Friday ceremony dedicates Battle Born Memorial to Nevada’s Fallen | NevadaAppeal.com

Friday ceremony dedicates Battle Born Memorial to Nevada’s Fallen

Steve Ranson
LVN Editor Emeritus

Veterans Day weekend will begin Friday morning with a solemn remembrance of acknowledging almost 900 Nevadans who have died in every war since the Civil War.

A reception to dedicate the Battle Born Memorial to Nevada's Fallen begins at 9 a.m. inside the lobby of the State Archives and Library Building, 100 N. Stewart St., in Carson City. The formal ceremony, though, starts at 10 a.m. with a flyover and will be conducted outside behind the archive building with Gov. Brian Sandoval, State Den. David Parks, PUNCH Architecture's Zak Ostrowski and Tina Drakulich, who's representing the Gold Star families.

"We often acknowledge the ultimate sacrifice paid by the men and women who gave their lives in defense of our country — and how their loss is the greatest of sacrifices," said Kat Miller, director of the Nevada Department of Veterans Services. "And yes, we absolutely owe it to the memory of those who fell in combat to never forget them. However, we also owe their families a heartfelt acknowledgement of their loss, for what can be more tragic than to lose a child, a sibling, a parent or other close family member? In some small way, we hope that this monument helps our Gold Star families understand that while we may never truly understand their pain, we will do what we can to keep the memories of their loved ones alive forever."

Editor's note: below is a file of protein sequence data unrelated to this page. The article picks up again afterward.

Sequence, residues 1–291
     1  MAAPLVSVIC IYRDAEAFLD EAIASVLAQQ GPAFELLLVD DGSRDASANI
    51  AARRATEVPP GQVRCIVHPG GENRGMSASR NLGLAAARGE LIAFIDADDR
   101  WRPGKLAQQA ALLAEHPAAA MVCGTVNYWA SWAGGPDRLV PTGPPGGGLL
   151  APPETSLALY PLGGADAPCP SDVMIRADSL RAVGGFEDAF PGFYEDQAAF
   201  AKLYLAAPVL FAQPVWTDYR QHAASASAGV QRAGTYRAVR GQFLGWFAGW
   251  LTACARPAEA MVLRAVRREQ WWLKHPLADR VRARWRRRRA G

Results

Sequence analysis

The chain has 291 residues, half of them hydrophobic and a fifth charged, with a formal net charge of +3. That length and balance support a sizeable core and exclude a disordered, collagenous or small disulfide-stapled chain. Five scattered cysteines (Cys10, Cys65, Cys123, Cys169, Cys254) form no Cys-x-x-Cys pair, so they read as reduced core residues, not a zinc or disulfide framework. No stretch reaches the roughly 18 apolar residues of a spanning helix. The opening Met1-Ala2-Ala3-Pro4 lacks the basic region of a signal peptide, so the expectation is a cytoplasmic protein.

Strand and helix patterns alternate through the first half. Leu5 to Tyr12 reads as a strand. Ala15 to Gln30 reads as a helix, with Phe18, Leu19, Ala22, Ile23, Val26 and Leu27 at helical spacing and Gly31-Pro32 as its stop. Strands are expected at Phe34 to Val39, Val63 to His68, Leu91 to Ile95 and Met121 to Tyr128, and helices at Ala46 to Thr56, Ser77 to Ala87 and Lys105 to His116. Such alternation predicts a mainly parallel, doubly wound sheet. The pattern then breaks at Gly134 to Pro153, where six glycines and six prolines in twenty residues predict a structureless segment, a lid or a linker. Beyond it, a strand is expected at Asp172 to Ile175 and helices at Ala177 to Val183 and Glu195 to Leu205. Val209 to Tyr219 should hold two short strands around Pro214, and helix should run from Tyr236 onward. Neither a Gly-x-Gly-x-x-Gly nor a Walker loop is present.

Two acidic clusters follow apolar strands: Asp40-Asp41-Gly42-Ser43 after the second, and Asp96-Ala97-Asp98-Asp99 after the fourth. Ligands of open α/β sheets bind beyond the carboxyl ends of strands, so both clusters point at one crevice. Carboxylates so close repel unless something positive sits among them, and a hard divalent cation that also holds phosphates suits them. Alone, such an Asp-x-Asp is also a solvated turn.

Sandoval signed Senate Bill 230 that established the Battle Born Memorial. The memorial remembers and honors Nevadans who were killed in action from the Civil War to the latest wars in Iraq and Afghanistan. A panel of experts selected PUNCH Architecture of Las Vegas to provide the concept, design and architecture of the memorial.

"Those attending the dedication ceremony include the immediate family members of Nevada's fallen," said Terri Hendry, communication director for NDVS. "This includes the father, mother, brother, sister, son, daughter or spouse and a Nevada military member killed in combat. We expect to have approximately 100 immediate family members in attendance for the dedication."

Hendry said a limited number of keepsakes will be given to attendees. The keepsake is an actual piece of the memorial, cut into the shape of Nevada, and Hendry added families will always have a piece of the memorial to keep with them forever.

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Although the memorial will be dedicated with 895 names, she said the design allows for expansion to add more names.

Those wishing to "save their seat" can do so online: http://bit.ly/2PUuoKt or they may contact David Johnson at johnsond@veterans.nv.gov, 775-825-9846.

Parades: Two Veterans Day parades will honor the men and women who serve or have served in the military. The Virginia City parade begins at 11 a.m. but the Reno parade kicks off at 11:11 a.m. The parade takes place on Virginia Street between 1st and 5th streets.

This is also a special year for the Veterans Day parade. Nov. 11 marks the 100th anniversary when World War I ended on Nov. 11, 1918.

Honor Flight Nevada: The fourth honor flight of the year arrives at the Reno-Tahoe International Airport on Sunday afternoon. People planning to attend the homecoming are asked to arrive at the airport at about 4:15 p.m.